May 14-15
Tualatin High School Auditorium, 22300 SW Boones Ferry Rd
Based on several ETA Hoffman stories, Coppélia is a comic ballet set to the music of Léo Delibes that tells the tale of grumpy Dr. Coppelius who makes a life-size doll that gets switched out with a real person, making Coppelius think his doll has come to life. The story is full of teenage hijinks, budding romances, mistaken identities, jealousy and, of course, “magic” as the doll comes to life.

Featuring new choreography by master choreographer and guest artistic director Victor Ursabia, former ballet master and school director of the Ballet Philippines. Also visiting are Eugene Obile, Earl John Arisola and Patrick John Rebullida who will be dancing the lead male roles and are part of of Portland Dance School’s cultural exchange program with Ballet Philippines.

Victoria Chen and Jingzi Zhao. Photo by Jingzi Zhao.

Victoria Chen and Jingzi Zhao. Photo by Jingzi Zhao.

Contemporary Chinese Dance
Malik Pcr Delgado, Victoria Chen, and Jingzi Zhao
In celebration of Asian Pacific American Heritage Month
1 pm May 15
Lan Su Chinese Garden, 239 NW Everett St
In celebration of Asian Pacific American Heritage Month, dancers Malik Pcr Delgado, Victoria Chen, and Jingzi Zhao will perform three contemporary Chinese dance pieces. The first is a modernized Chinese water sleeve dance originating from Chinese opera. The second piece features colonial Shanghai-style dance from the early 1900s, with reference to classical Chinese literature’s “The Legend of the White Snake.” And the last piece is a Chinese/hip hop fusion rendition of “the Peony Pavilion.”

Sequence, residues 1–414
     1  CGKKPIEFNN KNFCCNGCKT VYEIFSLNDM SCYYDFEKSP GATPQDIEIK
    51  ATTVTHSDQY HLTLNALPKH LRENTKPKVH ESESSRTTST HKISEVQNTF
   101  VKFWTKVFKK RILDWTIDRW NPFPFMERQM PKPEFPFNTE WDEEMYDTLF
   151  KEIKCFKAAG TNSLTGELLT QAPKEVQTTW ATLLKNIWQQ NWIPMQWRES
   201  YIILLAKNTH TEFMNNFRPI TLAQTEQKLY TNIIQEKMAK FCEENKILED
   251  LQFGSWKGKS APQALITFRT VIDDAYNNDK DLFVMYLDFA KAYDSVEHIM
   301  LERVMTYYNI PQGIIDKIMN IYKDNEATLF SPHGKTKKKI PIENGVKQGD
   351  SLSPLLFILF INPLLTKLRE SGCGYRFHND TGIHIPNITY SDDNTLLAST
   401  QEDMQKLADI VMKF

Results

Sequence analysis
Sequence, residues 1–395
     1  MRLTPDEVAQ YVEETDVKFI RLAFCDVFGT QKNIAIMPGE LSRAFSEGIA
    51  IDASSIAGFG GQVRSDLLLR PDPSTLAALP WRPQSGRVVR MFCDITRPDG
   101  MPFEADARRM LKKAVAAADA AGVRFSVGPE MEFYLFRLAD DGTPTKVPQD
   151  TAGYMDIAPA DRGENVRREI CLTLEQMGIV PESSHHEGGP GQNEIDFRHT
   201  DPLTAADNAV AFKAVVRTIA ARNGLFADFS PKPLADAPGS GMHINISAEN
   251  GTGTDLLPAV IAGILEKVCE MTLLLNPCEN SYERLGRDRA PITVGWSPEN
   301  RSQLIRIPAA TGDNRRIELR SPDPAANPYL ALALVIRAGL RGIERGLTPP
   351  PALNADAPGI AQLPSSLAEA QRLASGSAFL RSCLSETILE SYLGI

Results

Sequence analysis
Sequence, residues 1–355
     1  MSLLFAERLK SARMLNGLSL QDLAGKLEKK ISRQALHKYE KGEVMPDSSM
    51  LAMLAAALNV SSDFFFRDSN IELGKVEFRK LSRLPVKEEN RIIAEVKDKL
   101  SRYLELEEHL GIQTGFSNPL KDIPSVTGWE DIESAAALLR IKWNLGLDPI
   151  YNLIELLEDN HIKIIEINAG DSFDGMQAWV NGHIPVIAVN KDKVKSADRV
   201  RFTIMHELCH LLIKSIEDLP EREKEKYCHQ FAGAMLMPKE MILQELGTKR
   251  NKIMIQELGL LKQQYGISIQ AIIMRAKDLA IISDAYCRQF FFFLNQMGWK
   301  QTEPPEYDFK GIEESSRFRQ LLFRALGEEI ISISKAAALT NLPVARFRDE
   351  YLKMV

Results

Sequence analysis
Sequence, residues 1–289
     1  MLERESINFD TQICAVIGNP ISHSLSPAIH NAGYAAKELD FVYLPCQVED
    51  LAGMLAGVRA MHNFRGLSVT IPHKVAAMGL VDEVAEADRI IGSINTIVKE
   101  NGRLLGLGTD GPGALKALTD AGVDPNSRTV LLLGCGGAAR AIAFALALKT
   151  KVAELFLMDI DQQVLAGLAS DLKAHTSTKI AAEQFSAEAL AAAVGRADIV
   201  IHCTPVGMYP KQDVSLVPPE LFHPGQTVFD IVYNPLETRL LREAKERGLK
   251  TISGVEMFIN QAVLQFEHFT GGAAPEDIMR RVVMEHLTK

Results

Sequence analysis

Chen learned classical Chinese dance in Taiwan and works with local artists to present different aspects of Chinese dance and culture to the Portland community. Zhao’s primary focus is Argentine Tango and her passion for dance is also expressed through her photography project Fuse, which aims to create visual experiences that fuse dance and Portland-style living. Delgado’s passion is breaking, popping, and ballroom dance, with a focus on teaching and performing Afro Latin dance. “He believes sharing and expressing life through dance defines our true human spirit.”

Performances happening next week and the week after

May 20-21, TRACES, Sara Naegelin and Mark Koenigsberg
May 20-21, HAVA | חוה, The Holding Project
May 20-22, Now Then: A Prologue, Allie Hankins
May 20-22, Junior Artist Generator (JAG) Spring Performance, BodyVox
May 25, SpringSprung: A Night of Experimental Performance & Film
May 26, Portland Community College Spring Dance Concert
May 27, Critical Engagement Series: Taka Yamamoto
May 28, Wilson Dance, Presented by The Portland Ballet